At Arborwell, we can design a program to help your trees become and stay healthier, plus we can recommend the proper tool to protect your trees from bark beetles and from the disease they sometimes bring with them. Contact your representative today if you are concerned about your oaks, we will help you preserve them for you today AND for your children tomorrow.

To get in touch with one of our certified arborists, fill out the form below:

Arbor-wellness: Soil Nutrition

What’s wrong with my soil?

Poor quality soil has a major impact on the health of your trees. When soil is healthy, has the proper mineral balance and thriving microorganisms, trees naturally grow better, withstand stresses better and tend to fail less frequently. Poor soil conditions are often the underlying cause of tree decline and failures. It could be from compaction, poor soil water holding ability, excesses of salt or other minerals, or deficiencies of key micro-nutrients.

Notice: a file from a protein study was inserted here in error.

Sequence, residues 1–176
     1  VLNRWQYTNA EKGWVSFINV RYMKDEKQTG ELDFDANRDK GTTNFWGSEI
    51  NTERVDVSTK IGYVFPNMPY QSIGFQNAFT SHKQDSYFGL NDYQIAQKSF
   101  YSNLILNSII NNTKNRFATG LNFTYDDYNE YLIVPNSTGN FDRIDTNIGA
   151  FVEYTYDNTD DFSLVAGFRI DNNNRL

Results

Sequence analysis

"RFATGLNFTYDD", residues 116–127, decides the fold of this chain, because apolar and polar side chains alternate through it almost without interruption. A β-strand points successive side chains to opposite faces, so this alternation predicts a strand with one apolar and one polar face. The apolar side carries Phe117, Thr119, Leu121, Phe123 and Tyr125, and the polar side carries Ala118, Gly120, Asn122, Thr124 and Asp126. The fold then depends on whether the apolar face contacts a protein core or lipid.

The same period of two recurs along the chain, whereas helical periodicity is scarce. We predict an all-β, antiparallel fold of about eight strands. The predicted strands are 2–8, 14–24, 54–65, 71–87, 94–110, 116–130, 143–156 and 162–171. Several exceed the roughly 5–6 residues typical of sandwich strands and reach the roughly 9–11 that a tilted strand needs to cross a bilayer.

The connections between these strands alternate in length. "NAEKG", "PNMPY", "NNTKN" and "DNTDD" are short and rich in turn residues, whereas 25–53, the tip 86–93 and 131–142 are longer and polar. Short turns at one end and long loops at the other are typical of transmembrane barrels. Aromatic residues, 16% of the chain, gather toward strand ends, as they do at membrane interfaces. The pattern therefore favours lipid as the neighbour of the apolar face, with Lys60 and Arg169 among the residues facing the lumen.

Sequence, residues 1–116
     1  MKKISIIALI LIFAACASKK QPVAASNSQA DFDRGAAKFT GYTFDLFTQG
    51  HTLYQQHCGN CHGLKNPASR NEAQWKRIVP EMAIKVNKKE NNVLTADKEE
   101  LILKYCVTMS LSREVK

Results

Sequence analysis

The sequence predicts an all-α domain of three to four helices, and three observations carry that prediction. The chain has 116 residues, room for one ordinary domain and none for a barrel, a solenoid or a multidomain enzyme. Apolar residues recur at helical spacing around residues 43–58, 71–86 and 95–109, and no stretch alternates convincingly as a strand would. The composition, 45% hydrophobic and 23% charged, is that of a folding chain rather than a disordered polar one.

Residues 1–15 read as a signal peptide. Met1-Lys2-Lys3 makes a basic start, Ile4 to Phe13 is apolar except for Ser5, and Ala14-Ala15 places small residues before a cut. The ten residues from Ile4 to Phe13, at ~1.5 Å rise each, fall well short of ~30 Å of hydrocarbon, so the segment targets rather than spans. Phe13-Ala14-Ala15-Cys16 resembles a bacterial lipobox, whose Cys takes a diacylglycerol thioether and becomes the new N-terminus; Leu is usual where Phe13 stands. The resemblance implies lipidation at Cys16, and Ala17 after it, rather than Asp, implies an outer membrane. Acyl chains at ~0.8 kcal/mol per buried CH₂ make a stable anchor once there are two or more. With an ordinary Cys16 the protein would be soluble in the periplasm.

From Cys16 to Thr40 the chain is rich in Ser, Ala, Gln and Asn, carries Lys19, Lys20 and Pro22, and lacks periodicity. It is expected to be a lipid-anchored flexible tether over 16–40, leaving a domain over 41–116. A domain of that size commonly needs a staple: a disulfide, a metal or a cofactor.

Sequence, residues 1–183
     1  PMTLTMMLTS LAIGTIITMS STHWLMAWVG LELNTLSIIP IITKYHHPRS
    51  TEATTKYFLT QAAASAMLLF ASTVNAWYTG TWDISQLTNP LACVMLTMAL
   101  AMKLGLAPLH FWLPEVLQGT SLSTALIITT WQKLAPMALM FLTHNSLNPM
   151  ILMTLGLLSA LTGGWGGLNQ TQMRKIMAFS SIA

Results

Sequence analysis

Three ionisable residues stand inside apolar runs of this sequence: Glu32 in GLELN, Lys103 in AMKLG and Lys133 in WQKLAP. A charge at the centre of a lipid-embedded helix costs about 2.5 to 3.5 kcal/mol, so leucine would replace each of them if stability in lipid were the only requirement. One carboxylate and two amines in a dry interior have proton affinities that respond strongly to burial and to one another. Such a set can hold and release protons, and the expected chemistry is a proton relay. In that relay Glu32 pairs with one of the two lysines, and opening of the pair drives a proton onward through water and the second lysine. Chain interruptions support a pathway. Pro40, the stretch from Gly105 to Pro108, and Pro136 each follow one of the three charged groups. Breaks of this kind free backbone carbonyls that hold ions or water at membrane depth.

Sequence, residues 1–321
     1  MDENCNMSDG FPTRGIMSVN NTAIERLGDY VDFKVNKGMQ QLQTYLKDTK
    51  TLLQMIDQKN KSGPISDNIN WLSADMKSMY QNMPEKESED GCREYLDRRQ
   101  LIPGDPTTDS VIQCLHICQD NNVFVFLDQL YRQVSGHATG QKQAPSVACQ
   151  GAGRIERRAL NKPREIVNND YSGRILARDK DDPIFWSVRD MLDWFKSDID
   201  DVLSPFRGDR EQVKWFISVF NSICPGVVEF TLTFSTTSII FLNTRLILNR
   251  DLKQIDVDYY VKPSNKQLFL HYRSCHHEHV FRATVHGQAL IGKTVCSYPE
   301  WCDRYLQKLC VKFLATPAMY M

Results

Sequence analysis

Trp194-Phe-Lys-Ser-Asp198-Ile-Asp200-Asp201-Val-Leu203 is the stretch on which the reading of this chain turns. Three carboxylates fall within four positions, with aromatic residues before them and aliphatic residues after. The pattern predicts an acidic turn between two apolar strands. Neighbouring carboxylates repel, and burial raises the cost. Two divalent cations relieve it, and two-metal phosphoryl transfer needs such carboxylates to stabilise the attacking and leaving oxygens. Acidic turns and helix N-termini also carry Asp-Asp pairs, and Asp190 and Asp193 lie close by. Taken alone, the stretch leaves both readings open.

How can you tell if there’s something wrong with your soil?

Unhealthy plants are the most obvious indicator; however, there are ways to assess and determine more precisely what is wrong and – more importantly – how to fix those problems.

Just what is soil anyway?

It much more than just dirt that tracks into our houses, gets muddy when wet and blows around when dry and windy. The simple explanation is that soil consists of air, minerals and water. The balance of how much of those elements are in your soil go a long way to determining the actual health of the soil. However, soil is much more than just this.

Soil is an incredibly complex ecosystem that we usually think very little about. It’s role in tree health has been studied for a long time, yet we are still learning so much about how soil organisms interact with one another, with plants and with the soil itself. Because soil is so complex and in reality, very dynamic – what we do to soil affects very much the quality of the soil and its ability to help plants thrive. Because the very nature of being in an urban environment, natural soil conditions no longer exist around our buildings, in our parking lots and even in our parks. So how do we fix it?